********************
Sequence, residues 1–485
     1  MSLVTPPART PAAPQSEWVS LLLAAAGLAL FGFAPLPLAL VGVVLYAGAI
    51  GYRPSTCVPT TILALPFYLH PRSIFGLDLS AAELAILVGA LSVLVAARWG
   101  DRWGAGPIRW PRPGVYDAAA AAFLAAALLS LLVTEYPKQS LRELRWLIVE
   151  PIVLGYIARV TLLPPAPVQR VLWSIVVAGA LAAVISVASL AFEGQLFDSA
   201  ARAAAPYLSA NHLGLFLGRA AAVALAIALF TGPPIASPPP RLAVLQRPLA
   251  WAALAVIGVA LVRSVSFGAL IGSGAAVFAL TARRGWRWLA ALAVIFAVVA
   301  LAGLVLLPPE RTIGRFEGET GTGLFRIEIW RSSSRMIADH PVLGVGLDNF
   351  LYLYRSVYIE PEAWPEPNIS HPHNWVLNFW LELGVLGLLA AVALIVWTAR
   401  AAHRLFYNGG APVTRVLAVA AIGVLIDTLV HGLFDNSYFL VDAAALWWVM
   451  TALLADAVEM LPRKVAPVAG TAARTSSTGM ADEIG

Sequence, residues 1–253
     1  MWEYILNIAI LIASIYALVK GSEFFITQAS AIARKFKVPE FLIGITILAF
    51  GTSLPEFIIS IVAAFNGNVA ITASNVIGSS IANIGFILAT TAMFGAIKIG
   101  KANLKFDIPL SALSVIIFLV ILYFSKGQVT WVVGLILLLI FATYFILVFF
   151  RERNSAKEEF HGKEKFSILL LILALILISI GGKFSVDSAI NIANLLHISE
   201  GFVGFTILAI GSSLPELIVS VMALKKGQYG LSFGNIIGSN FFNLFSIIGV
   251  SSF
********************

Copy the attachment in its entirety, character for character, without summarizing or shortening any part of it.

Sequence, residues 1–485
     1  MSLVTPPART PAAPQSEWVS LLLAAAGLAL FGFAPLPLAL VGVVLYAGAI
    51  GYRPSTCVPT TILALPFYLH PRSIFGLDLS AAELAILVGA LSVLVAARWG
   101  DRWGAGPIRW PRPGVYDAAA AAFLAAALLS LLVTEYPKQS LRELRWLIVE
   151  PIVLGYIARV TLLPPAPVQR VLWSIVVAGA LAAVISVASL AFEGQLFDSA
   201  ARAAAPYLSA NHLGLFLGRA AAVALAIALF TGPPIASPPP RLAVLQRPLA
   251  WAALAVIGVA LVRSVSFGAL IGSGAAVFAL TARRGWRWLA ALAVIFAVVA
   301  LAGLVLLPPE RTIGRFEGET GTGLFRIEIW RSSSRMIADH PVLGVGLDNF
   351  LYLYRSVYIE PEAWPEPNIS HPHNWVLNFW LELGVLGLLA AVALIVWTAR
   401  AAHRLFYNGG APVTRVLAVA AIGVLIDTLV HGLFDNSYFL VDAAALWWVM
   451  TALLADAVEM LPRKVAPVAG TAARTSSTGM ADEIG

Sequence, residues 1–253
     1  MWEYILNIAI LIASIYALVK GSEFFITQAS AIARKFKVPE FLIGITILAF
    51  GTSLPEFIIS IVAAFNGNVA ITASNVIGSS IANIGFILAT TAMFGAIKIG
   101  KANLKFDIPL SALSVIIFLV ILYFSKGQVT WVVGLILLLI FATYFILVFF
   151  RERNSAKEEF HGKEKFSILL LILALILISI GGKFSVDSAI NIANLLHISE
   201  GFVGFTILAI GSSLPELIVS VMALKKGQYG LSFGNIIGSN FFNLFSIIGV
   251  SSF